The Rise of Location-Based Targeting

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Location-based targeting is an advertising strategy that sends customized ads to people depending on their location. Where you visit is believed to be the highest indicator of the type of person you are, what you like to do, what you love to eat, where you work etc. For example, A user who is often found in a Walmart parking lot and a primary school during closing hours can be categorized as a “mom” and targeted at Walmart’s locations in campaigns aimed at increasing baby & child care products.

Consider browsing for perfumes online. You decide to go to a shopping center with a few perfume stores one day, and as you approach it, you are served an ad from one of those stores offering similar items at a discounted price. Such an ad has a high chance of generating a response from users. Alternatively, if you're just starting out as a tutor, you can place advertising in local schools. If you opened up a cafe offering cheaper meal rates, send ads to people around Starbucks or Nescafe. It is becoming increasingly important to huge firms and small businesses with physical storefronts that want to attract customers.

Marketers are ecstatic to be able to use this technology to entice customers. The restrictions of online advertising appear to be reducing as mobile technology advances and people become increasingly engaged with their phones. These technologies now allow offline establishments to be seen and recognized across all internet platforms through advertising. Furthermore, the concept of geo-contextual targeting has tapped into a plethora of competing offers that can be delivered to a competitor's customers within their own premises. This is thanks to technological advancements and the clever use of location data on a smartphone to precisely estimate people's geographical proximity within certain areas. 

Location-based advertising is similar to many other advertising tactics such as audience targeting. These ads can be shown on a variety of platforms, including mobile, desktop CTV/OTT, and the web. Location-based targeting can target specific audiences rather than affecting all users in a certain place. For example, advertisers can set up a campaign to serve ads to only mothers and coffee lovers in Walmart's parking lot. 

Location-based advertising is a beacon for businesses looking to invest in mobile advertising, especially if their main aim is increasing in-store traffic as opposed to other objectives like brand awareness & online sales. Location targeting is just another form of personalized advertising where the primary data for personalization is the user’s geolocation data. Personalization is expected as a standard of service, as customers think they are acknowledged as consumers when they receive personalized offers. Consumers tend to describe ads as "extremely annoying" if their offers aren't relevant.

In order to capture the user's attention, the advertisement context must be emphasized. In fact, in 2018, location-targeted mobile advertising spending in the United States amounted to 21.4 billion U.S. dollars. According to industry forecasts, this figure is set to grow in the next six years and surpass 32 billion dollars by the end of 2023.

What the data tells us

In some cases, location-based targeting can fail to elicit any type of response from a user because location can be quite subjective. According to prior research, ads received from a retail outlet while shopping at a mall are more likely to be viewed as more relevant and effective than the same advertisement received in a more private area, such as at home (Banerjee and Dholakia, 2008). However, if the user is engrossed in work, even a product of interest promoted from a few miles away may appear unimportant.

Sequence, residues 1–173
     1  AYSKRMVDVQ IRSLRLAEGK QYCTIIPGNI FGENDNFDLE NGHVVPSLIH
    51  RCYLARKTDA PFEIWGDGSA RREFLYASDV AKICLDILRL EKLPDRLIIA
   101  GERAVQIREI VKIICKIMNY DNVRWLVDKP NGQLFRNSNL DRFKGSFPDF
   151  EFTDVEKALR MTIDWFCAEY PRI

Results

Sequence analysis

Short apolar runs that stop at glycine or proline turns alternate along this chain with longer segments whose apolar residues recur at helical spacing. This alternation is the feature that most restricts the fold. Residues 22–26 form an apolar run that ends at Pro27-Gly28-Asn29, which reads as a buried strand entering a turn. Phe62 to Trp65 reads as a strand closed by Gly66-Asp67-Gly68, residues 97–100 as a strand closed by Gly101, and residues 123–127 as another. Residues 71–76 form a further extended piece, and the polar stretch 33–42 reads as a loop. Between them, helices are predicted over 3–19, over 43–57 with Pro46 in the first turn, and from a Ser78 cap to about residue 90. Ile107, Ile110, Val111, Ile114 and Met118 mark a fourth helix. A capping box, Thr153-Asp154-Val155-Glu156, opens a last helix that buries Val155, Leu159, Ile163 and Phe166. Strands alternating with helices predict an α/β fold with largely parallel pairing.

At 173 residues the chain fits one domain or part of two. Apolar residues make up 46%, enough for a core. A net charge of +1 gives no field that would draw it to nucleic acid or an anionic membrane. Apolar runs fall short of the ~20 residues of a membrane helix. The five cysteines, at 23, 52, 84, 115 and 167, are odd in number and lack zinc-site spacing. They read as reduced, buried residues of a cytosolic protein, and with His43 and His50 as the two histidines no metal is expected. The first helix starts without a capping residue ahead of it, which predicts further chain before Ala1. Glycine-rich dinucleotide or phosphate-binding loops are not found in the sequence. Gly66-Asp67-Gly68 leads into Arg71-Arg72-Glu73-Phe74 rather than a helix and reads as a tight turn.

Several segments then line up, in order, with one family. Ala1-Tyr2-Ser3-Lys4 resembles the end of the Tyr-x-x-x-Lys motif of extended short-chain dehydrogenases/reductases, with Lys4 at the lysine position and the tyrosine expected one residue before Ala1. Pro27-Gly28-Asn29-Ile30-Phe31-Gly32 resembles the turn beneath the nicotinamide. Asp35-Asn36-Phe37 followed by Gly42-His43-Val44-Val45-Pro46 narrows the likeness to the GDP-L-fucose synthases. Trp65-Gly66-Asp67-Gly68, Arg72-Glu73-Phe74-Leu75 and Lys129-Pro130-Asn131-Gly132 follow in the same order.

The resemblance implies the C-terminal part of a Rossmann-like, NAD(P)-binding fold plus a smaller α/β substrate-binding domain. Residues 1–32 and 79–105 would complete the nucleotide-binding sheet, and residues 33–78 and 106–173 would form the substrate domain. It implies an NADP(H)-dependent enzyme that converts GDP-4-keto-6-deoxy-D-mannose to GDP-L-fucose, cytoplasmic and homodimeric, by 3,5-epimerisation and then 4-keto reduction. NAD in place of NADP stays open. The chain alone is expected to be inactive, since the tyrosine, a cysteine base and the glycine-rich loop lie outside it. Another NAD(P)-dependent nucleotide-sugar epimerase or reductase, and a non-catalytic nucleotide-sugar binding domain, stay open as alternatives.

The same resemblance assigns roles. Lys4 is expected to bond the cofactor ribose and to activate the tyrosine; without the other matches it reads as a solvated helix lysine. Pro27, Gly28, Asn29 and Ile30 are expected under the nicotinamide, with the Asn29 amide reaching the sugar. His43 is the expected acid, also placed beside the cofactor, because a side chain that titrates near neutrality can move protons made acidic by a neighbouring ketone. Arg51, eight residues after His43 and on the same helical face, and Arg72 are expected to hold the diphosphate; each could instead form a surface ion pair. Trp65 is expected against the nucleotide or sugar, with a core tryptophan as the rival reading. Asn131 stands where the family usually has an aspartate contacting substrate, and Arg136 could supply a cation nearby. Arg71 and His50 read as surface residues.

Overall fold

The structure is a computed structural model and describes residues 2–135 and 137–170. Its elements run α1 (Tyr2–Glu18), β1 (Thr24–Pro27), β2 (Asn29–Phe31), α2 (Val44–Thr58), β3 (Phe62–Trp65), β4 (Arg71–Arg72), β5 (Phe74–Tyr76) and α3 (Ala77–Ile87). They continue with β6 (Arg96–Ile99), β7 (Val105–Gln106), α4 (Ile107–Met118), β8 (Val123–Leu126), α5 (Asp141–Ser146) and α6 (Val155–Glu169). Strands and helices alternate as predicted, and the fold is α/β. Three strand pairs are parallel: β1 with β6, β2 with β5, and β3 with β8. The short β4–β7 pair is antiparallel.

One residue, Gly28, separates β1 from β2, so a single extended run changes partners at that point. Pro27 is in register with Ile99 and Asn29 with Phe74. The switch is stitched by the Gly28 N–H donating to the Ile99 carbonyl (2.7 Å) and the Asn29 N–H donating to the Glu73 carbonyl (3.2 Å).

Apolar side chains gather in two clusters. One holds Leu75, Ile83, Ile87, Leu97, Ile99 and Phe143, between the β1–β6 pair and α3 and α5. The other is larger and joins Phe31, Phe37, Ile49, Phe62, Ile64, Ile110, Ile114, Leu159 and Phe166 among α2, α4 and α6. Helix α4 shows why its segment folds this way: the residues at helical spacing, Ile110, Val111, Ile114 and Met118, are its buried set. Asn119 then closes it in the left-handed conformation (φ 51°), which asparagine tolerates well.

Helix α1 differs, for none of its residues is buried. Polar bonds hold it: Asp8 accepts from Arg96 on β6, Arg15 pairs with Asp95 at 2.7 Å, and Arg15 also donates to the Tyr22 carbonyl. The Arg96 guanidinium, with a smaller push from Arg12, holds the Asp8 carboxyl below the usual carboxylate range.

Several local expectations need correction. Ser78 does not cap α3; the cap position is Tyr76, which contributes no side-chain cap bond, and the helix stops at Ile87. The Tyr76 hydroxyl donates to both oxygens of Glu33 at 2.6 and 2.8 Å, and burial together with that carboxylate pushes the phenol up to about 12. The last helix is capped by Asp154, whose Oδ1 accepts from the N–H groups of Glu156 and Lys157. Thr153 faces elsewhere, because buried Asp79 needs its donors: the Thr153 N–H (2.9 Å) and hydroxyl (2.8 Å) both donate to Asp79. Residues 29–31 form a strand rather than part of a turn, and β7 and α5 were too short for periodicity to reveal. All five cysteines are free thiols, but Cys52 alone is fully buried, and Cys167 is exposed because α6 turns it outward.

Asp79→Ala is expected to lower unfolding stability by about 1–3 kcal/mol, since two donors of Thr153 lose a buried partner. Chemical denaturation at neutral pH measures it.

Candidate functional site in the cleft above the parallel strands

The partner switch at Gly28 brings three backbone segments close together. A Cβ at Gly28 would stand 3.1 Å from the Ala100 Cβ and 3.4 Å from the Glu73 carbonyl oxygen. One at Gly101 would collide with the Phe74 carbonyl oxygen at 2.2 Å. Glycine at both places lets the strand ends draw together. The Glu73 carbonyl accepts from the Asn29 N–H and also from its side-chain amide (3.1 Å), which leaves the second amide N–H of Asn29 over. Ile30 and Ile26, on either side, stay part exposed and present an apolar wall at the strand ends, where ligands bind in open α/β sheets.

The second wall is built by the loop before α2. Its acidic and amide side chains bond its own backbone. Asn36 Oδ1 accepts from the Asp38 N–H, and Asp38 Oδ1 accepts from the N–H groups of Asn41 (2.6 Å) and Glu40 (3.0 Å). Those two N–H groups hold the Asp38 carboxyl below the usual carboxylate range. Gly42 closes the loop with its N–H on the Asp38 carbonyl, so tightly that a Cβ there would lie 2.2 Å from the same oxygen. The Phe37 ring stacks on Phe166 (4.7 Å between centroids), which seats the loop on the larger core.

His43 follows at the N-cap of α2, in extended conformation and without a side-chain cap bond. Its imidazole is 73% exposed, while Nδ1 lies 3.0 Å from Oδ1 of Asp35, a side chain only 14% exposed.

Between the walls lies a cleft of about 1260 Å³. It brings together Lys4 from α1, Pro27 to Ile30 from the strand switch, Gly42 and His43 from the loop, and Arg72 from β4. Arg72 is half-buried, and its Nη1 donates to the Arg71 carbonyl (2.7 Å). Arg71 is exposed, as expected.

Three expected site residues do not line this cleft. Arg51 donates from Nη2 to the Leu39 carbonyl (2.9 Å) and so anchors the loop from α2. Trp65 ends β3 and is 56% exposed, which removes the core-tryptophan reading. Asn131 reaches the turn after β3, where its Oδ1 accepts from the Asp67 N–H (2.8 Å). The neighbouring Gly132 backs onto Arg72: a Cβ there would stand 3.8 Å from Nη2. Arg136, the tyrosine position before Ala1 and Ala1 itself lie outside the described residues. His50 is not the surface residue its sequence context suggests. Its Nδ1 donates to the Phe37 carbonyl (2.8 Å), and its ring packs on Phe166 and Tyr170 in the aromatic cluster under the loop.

Other research states women respond favourably to advertising cues in physical stores, and their satisfaction with the shopping experience causes them to spend longer time in the store and explore more items.

According to some studies, the percentage of people who do not want to share their data and are particularly concerned about the time and place where their location data is utilized. The individuals were also far more willing to share their second and third most frequented locations than their first and most visited locations, which were most likely their homes. Additionally, other studies claim that because women are more prone to be sociable and share information with others, they are more likely to share their location information. 

This could affect the changing scope of location-based advertising because of privacy concerns from users. Many individuals understand the potential advantages of location tracking features, with the rise of essential apps that require location access such as Uber, food delivery apps, weather apps, etc. They use location data to provide a more distinctive and helpful experience. Nonetheless, not everyone is comfortable with or aware of the amount of information that apps might collect. 


  • Location‐based mobile advertisements and gender targeting | Emerald Insight

  • The Impact of Mobile Advertisement on the Students of Manipur University | Semantic Scholar

  • Geo-Conquesting: Competitive Locational Targeting of Mobile Promotions - Nathan M. Fong, Zheng Fang, Xueming Luo, 2015

  • Location-based advertising on mobile devices | SpringerLink

  • When are users comfortable sharing locations with advertisers? | Proceedings of the SIGCHI Conference on Human Factors in Computing Systems

  • By : Apurva Banastarker (BBA-IT 2019-2022)


    CURSOR 5.0 | VOLUME 4 ISSUE 2, JULY 2022

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